One week before Christmas, surgeons told Sidney Bell that because she was a high-risk patient for cardiac surgery, she would not survive the week even with triple bypass surgery. Bell had a history of kidney failure and a previous cardiac catheterization. Research and case studies for patients like her showed a low success rate.
“When a surgeon looked me in the eye and told me I would die with or without treatment, I didn’t know how to react,” Bell said. “It was startling news for me and my family. I decided to get a second opinion.”
After consulting with her primary care physician, Bell was referred to Robert Dunton, MD, and medical director of the Bon Secours Heart and Vascular Institute. He approved her for surgery and took careful precautions to prepare her, putting Bell and her family at ease.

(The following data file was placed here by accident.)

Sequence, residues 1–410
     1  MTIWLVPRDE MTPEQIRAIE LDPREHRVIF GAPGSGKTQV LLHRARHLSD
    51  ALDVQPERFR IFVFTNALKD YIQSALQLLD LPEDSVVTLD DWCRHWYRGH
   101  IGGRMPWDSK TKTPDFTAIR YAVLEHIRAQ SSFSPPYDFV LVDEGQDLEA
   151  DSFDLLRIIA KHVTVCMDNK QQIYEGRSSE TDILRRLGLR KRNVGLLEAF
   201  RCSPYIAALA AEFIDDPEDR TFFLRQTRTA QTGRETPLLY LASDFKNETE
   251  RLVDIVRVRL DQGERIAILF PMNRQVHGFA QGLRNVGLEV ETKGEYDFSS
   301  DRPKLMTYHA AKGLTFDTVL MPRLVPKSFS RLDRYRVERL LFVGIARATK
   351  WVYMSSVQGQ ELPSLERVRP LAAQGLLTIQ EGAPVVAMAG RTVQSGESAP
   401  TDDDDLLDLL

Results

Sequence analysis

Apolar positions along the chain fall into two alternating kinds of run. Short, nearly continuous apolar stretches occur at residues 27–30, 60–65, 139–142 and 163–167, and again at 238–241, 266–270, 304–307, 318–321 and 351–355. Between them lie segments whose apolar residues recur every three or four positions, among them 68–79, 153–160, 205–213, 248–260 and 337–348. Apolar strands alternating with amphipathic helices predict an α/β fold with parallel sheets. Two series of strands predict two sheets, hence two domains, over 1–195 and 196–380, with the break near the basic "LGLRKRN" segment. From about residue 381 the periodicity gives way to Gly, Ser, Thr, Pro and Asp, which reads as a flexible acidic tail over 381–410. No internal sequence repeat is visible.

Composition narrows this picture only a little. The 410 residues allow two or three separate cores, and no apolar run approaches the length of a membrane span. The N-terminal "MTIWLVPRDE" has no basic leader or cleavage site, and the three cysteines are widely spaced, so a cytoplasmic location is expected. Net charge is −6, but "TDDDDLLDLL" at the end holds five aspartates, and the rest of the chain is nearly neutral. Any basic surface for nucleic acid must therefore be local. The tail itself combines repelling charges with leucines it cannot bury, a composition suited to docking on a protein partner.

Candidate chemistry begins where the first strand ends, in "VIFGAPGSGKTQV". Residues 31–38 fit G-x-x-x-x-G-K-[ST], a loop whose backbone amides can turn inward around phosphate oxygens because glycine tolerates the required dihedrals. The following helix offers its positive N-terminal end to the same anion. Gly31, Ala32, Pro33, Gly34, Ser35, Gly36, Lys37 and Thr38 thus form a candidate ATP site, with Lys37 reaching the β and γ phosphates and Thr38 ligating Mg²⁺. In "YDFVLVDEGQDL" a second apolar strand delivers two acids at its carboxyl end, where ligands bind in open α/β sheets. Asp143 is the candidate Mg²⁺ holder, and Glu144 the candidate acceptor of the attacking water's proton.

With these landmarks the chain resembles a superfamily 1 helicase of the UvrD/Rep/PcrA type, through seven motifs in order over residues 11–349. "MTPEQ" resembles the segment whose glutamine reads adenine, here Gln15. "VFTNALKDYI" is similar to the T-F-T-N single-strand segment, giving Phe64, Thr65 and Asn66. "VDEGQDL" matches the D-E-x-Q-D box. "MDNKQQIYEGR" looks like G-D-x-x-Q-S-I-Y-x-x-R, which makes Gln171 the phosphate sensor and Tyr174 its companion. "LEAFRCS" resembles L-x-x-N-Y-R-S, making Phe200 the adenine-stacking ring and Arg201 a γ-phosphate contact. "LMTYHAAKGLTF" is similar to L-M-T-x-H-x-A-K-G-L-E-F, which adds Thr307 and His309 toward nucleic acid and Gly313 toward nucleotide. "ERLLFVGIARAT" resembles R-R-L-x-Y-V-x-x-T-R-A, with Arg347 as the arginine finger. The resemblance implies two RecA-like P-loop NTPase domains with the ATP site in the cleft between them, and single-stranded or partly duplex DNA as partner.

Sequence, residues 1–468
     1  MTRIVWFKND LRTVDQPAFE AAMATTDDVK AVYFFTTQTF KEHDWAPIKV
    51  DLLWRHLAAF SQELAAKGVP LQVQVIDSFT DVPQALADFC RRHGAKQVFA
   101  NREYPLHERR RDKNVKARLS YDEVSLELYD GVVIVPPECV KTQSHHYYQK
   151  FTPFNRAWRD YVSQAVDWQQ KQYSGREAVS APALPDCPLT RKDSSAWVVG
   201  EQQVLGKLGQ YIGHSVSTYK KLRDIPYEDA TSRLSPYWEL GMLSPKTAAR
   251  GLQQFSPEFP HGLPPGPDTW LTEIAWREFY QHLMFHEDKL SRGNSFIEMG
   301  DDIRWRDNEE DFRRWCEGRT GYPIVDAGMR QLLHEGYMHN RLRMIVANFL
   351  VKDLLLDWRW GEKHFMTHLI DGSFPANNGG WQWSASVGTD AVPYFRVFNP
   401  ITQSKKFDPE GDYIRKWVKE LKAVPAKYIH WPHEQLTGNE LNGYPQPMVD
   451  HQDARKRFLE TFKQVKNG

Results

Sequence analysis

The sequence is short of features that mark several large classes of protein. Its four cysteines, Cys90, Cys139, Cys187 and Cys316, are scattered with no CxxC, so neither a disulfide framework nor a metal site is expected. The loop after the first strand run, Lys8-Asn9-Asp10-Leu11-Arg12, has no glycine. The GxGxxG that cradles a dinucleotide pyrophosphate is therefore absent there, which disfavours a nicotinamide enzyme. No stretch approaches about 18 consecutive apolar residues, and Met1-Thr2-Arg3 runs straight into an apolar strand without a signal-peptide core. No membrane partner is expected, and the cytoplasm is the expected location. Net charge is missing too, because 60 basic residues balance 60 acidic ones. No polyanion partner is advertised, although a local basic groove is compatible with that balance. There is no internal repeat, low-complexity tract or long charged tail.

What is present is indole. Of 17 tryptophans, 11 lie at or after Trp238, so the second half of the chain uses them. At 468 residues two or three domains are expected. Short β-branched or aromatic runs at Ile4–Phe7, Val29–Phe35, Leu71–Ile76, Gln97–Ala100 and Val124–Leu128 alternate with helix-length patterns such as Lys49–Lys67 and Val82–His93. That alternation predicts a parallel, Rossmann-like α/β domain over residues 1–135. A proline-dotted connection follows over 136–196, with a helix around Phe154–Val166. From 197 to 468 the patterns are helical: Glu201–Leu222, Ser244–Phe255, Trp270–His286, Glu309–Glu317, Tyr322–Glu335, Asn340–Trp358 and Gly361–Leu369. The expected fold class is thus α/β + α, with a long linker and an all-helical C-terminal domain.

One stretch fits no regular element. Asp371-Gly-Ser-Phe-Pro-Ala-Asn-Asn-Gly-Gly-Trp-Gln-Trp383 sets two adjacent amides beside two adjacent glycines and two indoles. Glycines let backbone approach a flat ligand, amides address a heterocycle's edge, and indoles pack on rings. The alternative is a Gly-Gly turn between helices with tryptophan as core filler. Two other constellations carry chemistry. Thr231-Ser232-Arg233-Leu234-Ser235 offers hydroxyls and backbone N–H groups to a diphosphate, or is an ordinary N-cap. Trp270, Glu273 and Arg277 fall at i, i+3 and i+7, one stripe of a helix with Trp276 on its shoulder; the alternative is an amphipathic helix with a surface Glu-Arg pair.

“My daughter, Yvonne, is my mother hen,” Bell said. “She has always taken care of me when I was ill with kidney failure and wanted to be with me in the hospital. Bon Secours understood that and let her be with me every step of the way.”
Now Bell has resumed her life and continues to live with her daughter.
She is now more involved with her church and attends meetings of the Catholic Daughters of the Americas. Bell says it is persistence, and not taking “no” for an answer, that allowed her to live more than the week she was given.
“I am more outgoing and ready to try new things,” Bell said. “My surgery, and my life, were by far the best Christmas presents I ever received.”